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Fire-on-the-Mountain - August 12, 2012

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This summer, three palm trees in my front yard developed root rot (Ganoderma) and had to be removed.  You can imagine what this did to the grass and vegetation growing beneath the palms.  Any time you disturb the soil you can almost be assured the appearance of one of my favorite “weeds” Euphorbia heterophylla or Fire-on-the-Mountain.  I suspect it gets its common name from two sources.  Anytime there is a forest fire on a mountain, one of the first invasive species is Euphobia heterophylla (a synonym is E. cyathophora).  Another reason is the plant produces deep green bracts painted at their base with a brilliant orange or red giving the appearance of a flame.  By the way, there’s also a Snow-on-the-Mountain (Euphorbia marginatawith white at the bases of the bracts.

Fire-on-the-Mountain is a native of Mexico (like the Poinsettia which has more showy bracts) and has escaped into the wild throughout the west and south.  What’s especially interesting about the plant is the inconspicuous flowers.  If you think of the Poinsettia of Christmas, what most people consider red petals are simply those highly colored bracts.  The flowers are very tiny and are aggregates of separate male and female flowers clustered to form a structure called the cyanthium.  For a great description and illustrations visit the website about the genus Euphorbia at  There is usually one female flower surrounded by several glands and several male flowers with a single stamen.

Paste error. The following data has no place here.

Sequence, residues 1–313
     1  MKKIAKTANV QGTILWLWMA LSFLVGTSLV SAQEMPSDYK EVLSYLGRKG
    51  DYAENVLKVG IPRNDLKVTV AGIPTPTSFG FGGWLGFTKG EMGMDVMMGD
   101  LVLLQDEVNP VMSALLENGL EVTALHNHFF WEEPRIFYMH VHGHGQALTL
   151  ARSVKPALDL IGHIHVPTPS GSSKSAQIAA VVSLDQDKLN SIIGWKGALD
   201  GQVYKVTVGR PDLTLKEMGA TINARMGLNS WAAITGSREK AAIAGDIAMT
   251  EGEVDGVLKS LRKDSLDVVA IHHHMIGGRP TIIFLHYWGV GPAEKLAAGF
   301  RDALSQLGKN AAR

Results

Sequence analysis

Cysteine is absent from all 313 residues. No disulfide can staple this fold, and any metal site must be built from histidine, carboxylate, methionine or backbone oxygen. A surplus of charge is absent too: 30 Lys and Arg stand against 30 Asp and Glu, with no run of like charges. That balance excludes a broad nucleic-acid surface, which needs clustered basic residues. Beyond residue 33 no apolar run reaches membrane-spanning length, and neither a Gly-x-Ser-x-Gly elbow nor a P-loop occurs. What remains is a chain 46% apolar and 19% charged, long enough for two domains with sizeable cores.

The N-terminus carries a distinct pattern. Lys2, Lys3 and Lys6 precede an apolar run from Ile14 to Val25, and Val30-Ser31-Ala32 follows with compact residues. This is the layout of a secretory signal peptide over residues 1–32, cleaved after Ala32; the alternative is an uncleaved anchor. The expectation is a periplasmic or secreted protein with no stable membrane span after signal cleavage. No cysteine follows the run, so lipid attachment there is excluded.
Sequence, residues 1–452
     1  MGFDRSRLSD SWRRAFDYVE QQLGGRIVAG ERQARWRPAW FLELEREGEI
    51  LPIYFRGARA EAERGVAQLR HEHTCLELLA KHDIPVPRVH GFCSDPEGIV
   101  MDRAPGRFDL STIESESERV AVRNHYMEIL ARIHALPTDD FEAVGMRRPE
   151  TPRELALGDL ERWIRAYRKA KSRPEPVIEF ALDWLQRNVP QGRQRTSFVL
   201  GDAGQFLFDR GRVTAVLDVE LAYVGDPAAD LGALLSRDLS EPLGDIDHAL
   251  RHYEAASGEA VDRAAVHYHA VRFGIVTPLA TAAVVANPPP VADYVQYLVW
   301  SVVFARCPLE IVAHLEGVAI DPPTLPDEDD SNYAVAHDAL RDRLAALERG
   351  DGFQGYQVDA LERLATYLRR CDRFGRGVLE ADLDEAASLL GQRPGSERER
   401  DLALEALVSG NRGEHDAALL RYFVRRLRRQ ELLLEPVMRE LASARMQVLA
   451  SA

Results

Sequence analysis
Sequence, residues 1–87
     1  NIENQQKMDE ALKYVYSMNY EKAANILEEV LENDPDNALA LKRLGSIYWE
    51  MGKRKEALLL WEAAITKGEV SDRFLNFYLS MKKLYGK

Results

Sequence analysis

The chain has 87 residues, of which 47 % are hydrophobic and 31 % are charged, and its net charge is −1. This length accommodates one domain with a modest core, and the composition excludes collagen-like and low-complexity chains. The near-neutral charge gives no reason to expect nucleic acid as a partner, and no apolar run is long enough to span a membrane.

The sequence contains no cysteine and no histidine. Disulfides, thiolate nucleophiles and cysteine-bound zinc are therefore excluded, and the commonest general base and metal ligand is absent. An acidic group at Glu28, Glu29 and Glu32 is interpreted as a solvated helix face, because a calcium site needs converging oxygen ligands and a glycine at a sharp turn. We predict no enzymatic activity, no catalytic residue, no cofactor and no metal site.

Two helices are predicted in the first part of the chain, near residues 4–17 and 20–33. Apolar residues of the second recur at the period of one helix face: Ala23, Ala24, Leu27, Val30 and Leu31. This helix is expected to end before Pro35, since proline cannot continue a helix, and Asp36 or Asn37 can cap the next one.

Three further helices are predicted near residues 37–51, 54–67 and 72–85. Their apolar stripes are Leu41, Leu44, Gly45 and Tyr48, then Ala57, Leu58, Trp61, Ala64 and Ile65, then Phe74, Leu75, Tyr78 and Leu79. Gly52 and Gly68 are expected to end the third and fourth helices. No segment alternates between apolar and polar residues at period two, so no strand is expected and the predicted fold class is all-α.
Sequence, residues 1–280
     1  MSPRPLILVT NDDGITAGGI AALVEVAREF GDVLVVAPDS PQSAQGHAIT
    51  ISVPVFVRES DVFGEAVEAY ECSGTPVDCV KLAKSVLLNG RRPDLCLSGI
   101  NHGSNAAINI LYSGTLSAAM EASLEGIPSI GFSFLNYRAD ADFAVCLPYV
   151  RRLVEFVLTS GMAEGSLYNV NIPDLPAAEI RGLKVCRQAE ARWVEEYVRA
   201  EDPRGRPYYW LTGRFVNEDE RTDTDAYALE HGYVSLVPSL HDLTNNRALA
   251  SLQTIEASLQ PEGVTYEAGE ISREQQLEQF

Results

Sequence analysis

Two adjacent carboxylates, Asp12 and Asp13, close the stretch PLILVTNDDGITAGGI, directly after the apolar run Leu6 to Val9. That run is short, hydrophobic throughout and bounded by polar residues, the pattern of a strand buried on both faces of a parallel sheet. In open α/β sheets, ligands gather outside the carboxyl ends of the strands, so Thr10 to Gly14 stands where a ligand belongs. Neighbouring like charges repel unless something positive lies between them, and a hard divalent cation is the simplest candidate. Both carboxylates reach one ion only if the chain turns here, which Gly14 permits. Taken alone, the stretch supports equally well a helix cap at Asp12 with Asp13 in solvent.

Like Poinsettias, Fire-on-the-Mountain also produces a milky latex considered toxic. The common name for the family Euphorbiaceae is the spurge family and this milky latex is common to the family.  Many euphorbs are also cactus-like in appearance and are often confused for those plants.  You can always tell by breaking off a piece of the plant and if you see the milky latex, you know it is not a cactus but a euphorb. 

Since these are flowers, they produce fruits.  It’s a dry fruit called a capsule, usually with three large seeds inside.  The seeds are explosively discharged and shoot a fair distance from the parent plant, thus insuring no competition with the parent upon germination.  It also explains why the plant is so invasive in disturbed areas. 

The background music is the old time tune "Fire on the Mountain" by Bill Monroe and his Bluegrass Boys from the Bill Monroe: Anthology.

© Fred Searcy 2017